Get Rid of That Old Will!

In 1994, Helen M. Weste executed a Last Will. She was single and had no children. The Will made three charitable bequests, left her personal property to a niece, and left the remainder of her estate to be divided in differing percentages among a sister along with eight nieces and nephews.

In 2002, Helen executed a new Will. This Will made a bequest to only one of the three charitable institutions, left her personal property to another niece along with 10% of her residuary estate, left a bequest to the niece who was to receive the personal property under the 1994 Will, and left 90% of the residuary estate to a neighbor she met on or about 1995.

Inexplicably, when Helen died on March 6, 2010, one of her nieces filed the 1994 Will for probate. As all of the named Executors had either died or renounced, she qualified to act as administrator. Over the next few years, she initiated the administration of the estate.

In October 2011, the neighbor filed an action to set aside the 1994 Will and have the 2002 Will admitted to probate. The administrator under the 1994 Will objected claiming that the 2002 Will was the product of undue influence and lack of testamentary capacity.

After reviewing the evidence presented by both sides, the Middlesex County probate judge set aside the 1994 Will and admitted the 2002 Will to probate among other forms of relief. The Appellate Division upheld this decision. (See In re Estate of Weste, No. A-0436-14T1, 2016 N.J. Super. Unpub. LEXIS 1450 (App. Div. June 24, 2016))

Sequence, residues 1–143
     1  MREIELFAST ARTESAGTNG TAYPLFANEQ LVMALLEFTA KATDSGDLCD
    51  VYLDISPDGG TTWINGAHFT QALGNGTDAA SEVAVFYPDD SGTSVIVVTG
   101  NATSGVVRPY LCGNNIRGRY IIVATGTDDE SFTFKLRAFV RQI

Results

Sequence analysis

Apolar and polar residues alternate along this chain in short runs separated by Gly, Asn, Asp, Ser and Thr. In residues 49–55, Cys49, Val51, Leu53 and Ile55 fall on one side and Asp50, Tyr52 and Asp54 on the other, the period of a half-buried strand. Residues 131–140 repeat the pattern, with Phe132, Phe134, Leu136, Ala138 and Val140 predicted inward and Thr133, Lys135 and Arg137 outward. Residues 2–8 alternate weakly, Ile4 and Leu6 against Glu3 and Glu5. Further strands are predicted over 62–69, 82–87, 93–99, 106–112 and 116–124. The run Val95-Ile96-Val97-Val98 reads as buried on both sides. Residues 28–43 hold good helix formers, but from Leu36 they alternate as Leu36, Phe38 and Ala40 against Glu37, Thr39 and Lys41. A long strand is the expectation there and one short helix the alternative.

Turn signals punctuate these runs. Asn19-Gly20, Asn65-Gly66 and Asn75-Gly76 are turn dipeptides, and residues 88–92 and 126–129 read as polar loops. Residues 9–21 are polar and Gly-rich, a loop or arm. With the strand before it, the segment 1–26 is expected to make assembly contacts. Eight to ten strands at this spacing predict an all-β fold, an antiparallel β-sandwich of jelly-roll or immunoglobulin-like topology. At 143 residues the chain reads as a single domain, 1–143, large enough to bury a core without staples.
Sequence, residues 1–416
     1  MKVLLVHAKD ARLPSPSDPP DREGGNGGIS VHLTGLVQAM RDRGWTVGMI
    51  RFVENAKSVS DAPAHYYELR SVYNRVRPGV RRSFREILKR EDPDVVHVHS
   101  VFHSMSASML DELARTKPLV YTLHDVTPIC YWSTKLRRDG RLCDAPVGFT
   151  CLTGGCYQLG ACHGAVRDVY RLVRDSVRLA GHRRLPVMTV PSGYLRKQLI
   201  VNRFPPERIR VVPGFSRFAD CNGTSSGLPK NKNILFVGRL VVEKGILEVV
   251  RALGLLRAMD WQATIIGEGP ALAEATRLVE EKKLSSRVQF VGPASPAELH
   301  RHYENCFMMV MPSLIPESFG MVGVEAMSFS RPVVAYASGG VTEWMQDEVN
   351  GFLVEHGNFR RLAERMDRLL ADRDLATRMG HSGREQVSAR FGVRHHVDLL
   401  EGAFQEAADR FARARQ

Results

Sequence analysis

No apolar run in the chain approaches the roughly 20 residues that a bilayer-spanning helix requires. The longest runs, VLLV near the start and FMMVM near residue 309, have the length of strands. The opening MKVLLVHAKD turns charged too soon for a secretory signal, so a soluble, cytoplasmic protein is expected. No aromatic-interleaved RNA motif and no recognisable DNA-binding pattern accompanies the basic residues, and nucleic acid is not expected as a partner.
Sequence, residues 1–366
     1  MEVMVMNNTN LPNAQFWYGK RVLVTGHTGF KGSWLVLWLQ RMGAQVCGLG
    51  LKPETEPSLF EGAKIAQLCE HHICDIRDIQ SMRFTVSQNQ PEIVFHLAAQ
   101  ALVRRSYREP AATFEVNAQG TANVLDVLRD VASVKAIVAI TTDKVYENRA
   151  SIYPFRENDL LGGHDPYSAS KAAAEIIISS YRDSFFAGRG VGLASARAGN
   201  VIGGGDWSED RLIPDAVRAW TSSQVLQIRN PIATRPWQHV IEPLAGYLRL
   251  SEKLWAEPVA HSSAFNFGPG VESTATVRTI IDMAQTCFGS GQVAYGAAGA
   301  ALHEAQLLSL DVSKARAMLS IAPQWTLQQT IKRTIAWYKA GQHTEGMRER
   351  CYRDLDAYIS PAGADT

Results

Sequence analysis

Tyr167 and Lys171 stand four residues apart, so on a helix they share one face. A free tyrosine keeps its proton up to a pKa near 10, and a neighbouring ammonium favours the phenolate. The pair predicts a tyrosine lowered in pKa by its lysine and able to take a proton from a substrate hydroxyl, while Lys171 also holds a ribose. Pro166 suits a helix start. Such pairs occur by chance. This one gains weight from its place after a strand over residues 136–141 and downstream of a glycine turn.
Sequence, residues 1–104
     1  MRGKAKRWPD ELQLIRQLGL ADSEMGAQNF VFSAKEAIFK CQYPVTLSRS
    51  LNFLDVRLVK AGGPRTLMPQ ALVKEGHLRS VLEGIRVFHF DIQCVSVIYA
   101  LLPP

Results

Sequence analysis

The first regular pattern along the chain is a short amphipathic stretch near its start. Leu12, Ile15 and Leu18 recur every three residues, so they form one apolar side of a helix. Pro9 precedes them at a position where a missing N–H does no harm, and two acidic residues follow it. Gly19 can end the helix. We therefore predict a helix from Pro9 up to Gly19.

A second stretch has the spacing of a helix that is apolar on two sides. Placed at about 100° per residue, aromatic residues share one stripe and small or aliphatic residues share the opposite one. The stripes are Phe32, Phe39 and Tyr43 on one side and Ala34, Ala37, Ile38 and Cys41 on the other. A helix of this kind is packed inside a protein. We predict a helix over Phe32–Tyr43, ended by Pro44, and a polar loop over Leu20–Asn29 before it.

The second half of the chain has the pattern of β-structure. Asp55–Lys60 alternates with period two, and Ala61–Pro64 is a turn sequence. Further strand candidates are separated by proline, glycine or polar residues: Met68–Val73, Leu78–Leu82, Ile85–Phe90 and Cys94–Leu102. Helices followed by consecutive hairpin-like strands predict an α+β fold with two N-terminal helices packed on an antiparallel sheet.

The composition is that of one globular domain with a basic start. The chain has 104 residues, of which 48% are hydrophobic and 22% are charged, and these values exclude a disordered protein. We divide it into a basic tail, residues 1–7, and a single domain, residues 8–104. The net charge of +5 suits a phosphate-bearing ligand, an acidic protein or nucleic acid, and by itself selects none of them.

This case highlights the need to dispose of a prior Will when executing a new one. The law does provide for what are known as “After Discovered Wills” to be admitted to probate. However, there are two costs in doing so. First, an after discovered Will can only be admitted by a probate court action which, even if uncontested, is costly. Second, although it may not have happened in this matter, there is a substantial risk that part or all of the estate assets could be distributed to the wrong beneficiaries and in the wrong proportions, or both. If the assets have been distributed, it may be difficult, if not impossible, to collect from those who have received distributions to which they are not entitled.

Many assert that old Wills should be kept in the event a new Will is set aside in a Will contest. However, in this author’s opinion, that does not make much sense, as a new Will should not be executed if it seems clear that it should not be valid to begin with. Moreover, the reality is that the need to admit an after discovered Will can often be untimely. Thus, old Wills should be destroyed or, at the very least, marked with some notation that they have been superseded by a new Will.

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Thomas D. Begley, III

About the Author

Thomas D. Begley, III is the co-chair of the Trusts & Estates Group at Capehart Scatchard. He is a Certified Elder Law Attorney (CELA) who earned both his undergraduate and law degrees from Georgetown University, located in Washington, D.C. He concentrates his practice in the areas of estate and tax planning, estate administration, small business representation, elder law, and probate litigation. He is an accomplished author and lecturer who has frequently spoken on behalf of the National Academy of Elder Law Attorneys and the New Jersey Institute for Continuing Legal Education as well as other professional organizations. He has been named a “Super Lawyer” as voted by his peers and facilitated by New Jersey Monthly in the area of Trusts and Estate Litigation on numerous occasions. He has attained the prestigious AV rating by Martindale-Hubbell.

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